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It’s that special time of year again as the December holidays are rapidly approaching. If you celebrate Christmas like I do (or even Hanukkah or Kwanzaa), you must have some fond childhood memories. And with the advent of social media, those memories are literally right at our fingertips.
As I look around during this time of an unsure global economic picture, the rising impact of “fake news,” political infighting close to home, and the effects of a rapidly changing digital world, I ask us each to take a break to reflect on our favorite holiday moment from our youths.
My favorite moment was in eighth grade. I was in the middle school chorus and we presented our Christmas pageant at the Burlington Center Mall. While we were singing Silver Bells in front of the elephant fountain, the water that was supposed to have been turned out burst high into the air during the song’s crescendo. We received a loud standing from the shopping crowd, and we all felt like we really nailed it!
Since then, in addition to my getting older, times have changed. That mall is no longer open for business. Amazon has created a world of online internet shopping. Our society has grown more diverse - and often not in an ideal fashion. And money has changed: that Christmas present that looks like it would be a great gift from Santa has both a store price tag and a “credit card payment over time” price tag that far exceeds the store’s retail price.
Now, over three decades later, I continuously look for ways to provide my children with opportunities like I had singing Silver Bells or opening that special gift Christmas morning. As an author writing about cryptocurrency, I seek ways to use the new digital technology to pay for those opportunities as well. Bitcoin is considered digital gold. Litecoin is known as digital silver.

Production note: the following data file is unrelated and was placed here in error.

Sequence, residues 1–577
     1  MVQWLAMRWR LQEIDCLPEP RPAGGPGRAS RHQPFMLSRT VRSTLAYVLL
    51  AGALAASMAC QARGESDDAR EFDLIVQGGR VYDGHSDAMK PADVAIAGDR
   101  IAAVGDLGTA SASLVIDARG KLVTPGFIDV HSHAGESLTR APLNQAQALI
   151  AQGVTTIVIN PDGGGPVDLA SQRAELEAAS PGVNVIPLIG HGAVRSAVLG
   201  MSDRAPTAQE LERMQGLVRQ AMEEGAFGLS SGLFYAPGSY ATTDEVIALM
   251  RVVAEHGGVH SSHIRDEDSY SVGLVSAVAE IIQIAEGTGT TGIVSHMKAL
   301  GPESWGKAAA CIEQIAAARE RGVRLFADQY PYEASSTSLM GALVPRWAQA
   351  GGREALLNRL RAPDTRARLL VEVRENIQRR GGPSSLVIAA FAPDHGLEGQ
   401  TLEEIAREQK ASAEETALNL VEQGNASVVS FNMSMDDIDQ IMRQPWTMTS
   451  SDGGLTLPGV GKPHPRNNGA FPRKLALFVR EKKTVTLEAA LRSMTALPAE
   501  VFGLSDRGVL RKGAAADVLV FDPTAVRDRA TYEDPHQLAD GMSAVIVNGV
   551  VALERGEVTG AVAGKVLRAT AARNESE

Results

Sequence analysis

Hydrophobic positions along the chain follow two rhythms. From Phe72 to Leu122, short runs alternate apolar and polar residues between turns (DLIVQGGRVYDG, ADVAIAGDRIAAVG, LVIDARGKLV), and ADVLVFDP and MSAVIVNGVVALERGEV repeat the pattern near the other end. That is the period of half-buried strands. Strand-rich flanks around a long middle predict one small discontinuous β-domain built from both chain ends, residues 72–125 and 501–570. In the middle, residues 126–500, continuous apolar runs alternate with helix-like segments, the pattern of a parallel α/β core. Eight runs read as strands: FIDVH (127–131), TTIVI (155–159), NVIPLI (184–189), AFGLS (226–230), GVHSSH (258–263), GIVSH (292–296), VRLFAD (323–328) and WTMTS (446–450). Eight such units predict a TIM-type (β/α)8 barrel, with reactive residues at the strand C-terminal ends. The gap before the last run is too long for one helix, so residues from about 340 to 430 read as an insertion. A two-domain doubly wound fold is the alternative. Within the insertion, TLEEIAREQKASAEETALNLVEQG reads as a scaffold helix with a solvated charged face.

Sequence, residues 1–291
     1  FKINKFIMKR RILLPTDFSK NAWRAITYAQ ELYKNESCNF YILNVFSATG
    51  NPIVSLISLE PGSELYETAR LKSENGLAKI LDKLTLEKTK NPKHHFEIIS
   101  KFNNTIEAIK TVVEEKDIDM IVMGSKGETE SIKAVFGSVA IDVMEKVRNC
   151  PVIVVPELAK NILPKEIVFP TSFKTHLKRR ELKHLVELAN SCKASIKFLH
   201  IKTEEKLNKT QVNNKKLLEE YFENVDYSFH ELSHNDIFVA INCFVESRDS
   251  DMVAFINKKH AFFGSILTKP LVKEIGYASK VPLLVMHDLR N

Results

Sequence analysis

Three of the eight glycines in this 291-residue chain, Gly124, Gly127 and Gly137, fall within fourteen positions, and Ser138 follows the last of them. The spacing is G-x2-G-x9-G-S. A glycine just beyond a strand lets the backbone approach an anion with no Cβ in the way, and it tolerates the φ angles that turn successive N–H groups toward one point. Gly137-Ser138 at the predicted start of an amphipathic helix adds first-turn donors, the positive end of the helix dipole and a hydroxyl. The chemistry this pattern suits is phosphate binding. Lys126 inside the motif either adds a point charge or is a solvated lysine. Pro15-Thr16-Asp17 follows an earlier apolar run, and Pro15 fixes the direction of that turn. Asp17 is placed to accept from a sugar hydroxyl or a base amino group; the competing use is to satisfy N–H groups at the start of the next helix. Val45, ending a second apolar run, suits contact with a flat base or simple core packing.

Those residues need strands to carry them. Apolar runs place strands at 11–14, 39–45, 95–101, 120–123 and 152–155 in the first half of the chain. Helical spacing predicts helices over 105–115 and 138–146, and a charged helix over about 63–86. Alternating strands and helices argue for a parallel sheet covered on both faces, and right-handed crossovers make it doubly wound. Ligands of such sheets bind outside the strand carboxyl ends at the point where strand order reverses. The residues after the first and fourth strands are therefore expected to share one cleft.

I can pay vendors now who accept digital currency as a form payment, and when I do, they immediately convert it to cash, and I receive what I wanted to buy. That helps me. It also helps the vendor as they don’t have to pay a 3% transaction fee to the credit card company, or the 6% to 12% marketing cost it takes to get that 3% that they lose. With less expenses they can stay in business longer.
Many stores close because their margins are tight, and they have no room for error. I feel I’m doing my best to keep mom and pop shops in business and support Main Street. This way both the vendor and us, the customers, win. I invite us all to consider using these digital currencies as a form of payment. They are being accepted at stores across the country just in time for the holidays. And Silver Bells will begin to ring again.
Jamil Hasan is an international best-selling author on Amazon.com for his book Blockchain Ethics: A Bridge to Abundance, a resilience/recovery coach, and a former corporate technology and finance manager at American International Group, Inc. The son of a first-generation immigrant, Jamil followed in his father’s footsteps earning his college degree from Virginia Tech. Prior to becoming a blockchain consultant in June 2017, Jamil spent over twenty years building and developing operational businesses and leading major data projects at Fortune 500 companies. In 2018, while focusing on reversing his type-2 diabetes of thirteen years, Jamil suffered, survived and recovered from two heart attacks while a stay-at-home father and cryptocurrency trader and investor. Jamil believes his recovery experience will motivate fellow type-2 diabetics and cardiac patients to stand up for their lives and futures.
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